What risks will you encounter?
Although there are multi-purpose safety shoes and boots you may select, in order to reduce exposure to foot injury it’s important to know what risks you will encounter. Safety footwear is so important, the Government of Canada has a publication on the topic called Protect Your Feet!
There are specific protection options for particular risks such as:
- Electric Shock
- Sharp objects that could penetrate any part of the foot
- Objects that might fall from above the foot
- Explosive or electrostatic discharge
- Exposure to water, heat or cold
- Exposure to welding spray, molten metal or corrosive liquids
- Uneven ground where ankle support is required
What symbols ought to be there?
Most people have heard of or seen the green triangle on safety boots and they feel assured that this indicates they boots have met a standard. But what do all the symbols actually mean? Our website has a Safety Symbol Index to help clarify the symbols and what they indicate.
Should I choose style or comfort?
Comfort should trump style but you shouldn’t have to choose one or the other. With so many safety footwear manufacturers, safety shoes come in athletic, full boot and dress options. It is important to select an option that does not feel uncomfortable especially with the number of hours they may be worn. Here are some considerations:
- Shoes should not pinch your feet.
- You should not feel the toe caps against your toes.
- Shoes that are either too narrow or too wide will cause discomfort over time.
- If your feet tend to perspire, look for moisture-wicking or leather.
- Walk around with your shoes on before buying them to test the fit.
- Allow for potential swelling of feet.
- Put safety first, comfort second and then look at style.
- Don’t forget to wear quality socks to aid in your comfort.
How much should I expect to pay?
Perhaps you’ve heard the adage, you get what you pay for. When it comes to safety shoes, depending on the risks you are exposed to, this can certainly apply. Leather can be more breathable than synthetics, the outer sole durability can make a difference to the lifespan of the footwear and insoles that rip and tear can cause pain an discomfort. An educated retail professional will help you select the right boot for your needs and budget! As a general idea, you can expect to pay in the range of $100 to $150 for a safety shoe or athletic style, $100 to $180 for safety boots and in the range of $190-$300 for waterproof safety boots.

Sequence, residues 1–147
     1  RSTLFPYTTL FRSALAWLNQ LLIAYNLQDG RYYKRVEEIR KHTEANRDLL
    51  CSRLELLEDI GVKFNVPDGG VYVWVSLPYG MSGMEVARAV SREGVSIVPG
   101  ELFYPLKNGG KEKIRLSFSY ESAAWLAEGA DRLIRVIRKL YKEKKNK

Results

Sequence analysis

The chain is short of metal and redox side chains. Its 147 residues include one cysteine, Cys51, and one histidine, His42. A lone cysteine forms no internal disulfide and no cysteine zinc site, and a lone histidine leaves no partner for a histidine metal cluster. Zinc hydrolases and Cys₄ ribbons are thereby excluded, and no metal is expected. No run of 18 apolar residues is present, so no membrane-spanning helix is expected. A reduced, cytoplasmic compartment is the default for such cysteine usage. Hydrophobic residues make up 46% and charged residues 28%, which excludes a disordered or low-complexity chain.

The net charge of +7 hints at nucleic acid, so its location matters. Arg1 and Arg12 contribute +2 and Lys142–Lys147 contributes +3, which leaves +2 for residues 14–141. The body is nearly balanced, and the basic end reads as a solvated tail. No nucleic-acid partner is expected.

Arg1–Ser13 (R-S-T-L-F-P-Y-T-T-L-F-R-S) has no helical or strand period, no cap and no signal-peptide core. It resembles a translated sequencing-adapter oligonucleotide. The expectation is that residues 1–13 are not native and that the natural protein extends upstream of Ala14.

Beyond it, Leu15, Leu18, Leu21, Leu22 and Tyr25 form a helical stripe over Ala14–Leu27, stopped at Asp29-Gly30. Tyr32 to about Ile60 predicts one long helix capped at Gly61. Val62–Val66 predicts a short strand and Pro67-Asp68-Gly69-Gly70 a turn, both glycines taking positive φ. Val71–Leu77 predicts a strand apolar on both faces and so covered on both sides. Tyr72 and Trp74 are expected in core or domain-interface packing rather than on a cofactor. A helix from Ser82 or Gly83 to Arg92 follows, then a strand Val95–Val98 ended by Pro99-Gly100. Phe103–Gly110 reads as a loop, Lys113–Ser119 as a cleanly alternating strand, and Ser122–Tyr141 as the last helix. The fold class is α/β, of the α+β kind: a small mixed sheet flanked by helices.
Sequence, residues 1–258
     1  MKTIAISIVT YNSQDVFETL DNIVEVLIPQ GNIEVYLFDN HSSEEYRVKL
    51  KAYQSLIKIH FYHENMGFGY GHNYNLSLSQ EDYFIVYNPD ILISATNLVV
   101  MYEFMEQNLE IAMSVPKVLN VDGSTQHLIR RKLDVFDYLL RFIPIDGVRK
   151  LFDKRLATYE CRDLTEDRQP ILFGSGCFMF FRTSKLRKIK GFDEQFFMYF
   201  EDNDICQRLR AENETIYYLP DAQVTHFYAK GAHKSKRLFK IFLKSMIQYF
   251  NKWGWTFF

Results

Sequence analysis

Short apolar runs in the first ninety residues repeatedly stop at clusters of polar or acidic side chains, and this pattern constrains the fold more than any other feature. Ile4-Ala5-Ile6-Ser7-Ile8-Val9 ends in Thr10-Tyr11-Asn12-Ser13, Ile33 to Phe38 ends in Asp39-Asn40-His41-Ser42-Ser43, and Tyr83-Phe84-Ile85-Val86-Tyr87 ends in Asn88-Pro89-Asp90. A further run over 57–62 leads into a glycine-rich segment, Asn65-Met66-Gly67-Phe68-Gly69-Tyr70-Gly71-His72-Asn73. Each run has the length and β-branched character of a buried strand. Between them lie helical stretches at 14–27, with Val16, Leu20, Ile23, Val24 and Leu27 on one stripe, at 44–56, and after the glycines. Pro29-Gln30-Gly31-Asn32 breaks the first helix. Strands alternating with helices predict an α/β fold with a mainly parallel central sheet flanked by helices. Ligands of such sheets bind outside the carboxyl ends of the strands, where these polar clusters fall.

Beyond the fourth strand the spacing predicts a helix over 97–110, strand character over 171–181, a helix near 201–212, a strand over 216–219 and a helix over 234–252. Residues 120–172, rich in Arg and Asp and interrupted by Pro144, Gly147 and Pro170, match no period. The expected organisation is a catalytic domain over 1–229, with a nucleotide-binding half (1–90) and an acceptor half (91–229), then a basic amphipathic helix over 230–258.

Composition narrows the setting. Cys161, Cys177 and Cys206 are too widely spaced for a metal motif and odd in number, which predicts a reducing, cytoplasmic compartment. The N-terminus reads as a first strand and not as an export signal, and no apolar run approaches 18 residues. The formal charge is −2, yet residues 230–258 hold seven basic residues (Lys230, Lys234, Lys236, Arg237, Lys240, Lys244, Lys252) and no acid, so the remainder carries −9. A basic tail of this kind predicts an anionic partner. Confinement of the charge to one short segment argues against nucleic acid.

When should I replace my boots?
We all want to get the most wear we can from our footwear. When does worn footwear increase our risk to injury? Here’s a former Work Authority blog post that covers this issue.
In addition, Shoes.com provides some insight that can help you decide – should they stay or should they go?
- Wear and Tear: As soon as you notice a protective component beginning to show through, be it a reinforced toe, steel midsole, steel shank or metatarsal guard, you should replace your boots right away. Safety first!
- Dented Toe: Your steel toe will dent and fail to spring back, while composite is less likely to show physical damage, so try to make mental notes as your boots are tested by major impact or punctures. Again, think safety!
- Separation of Parts or Seams: If your boots are made with rubber or PVC materials, any visible separation should tell you it's time to buy new shoes. Falling apart pairs don't look professional, right?
- Worn Outside: The same attention should be paid to the shoe's tread as well, since once it has been worn smooth, they'll no longer be slip-resistant. You wouldn't drive a truck with bald tires, right?
- Leakage: If your work involves damp environments or exposure to hazardous chemicals or other corrosive materials, any sign of leakage should prompt you to look for a new pair. It's not just about comfort – it's your health!
Finally, if you aren’t sure what footwear to purchase for your job, ask your employer!
Here are some more resources on this topic: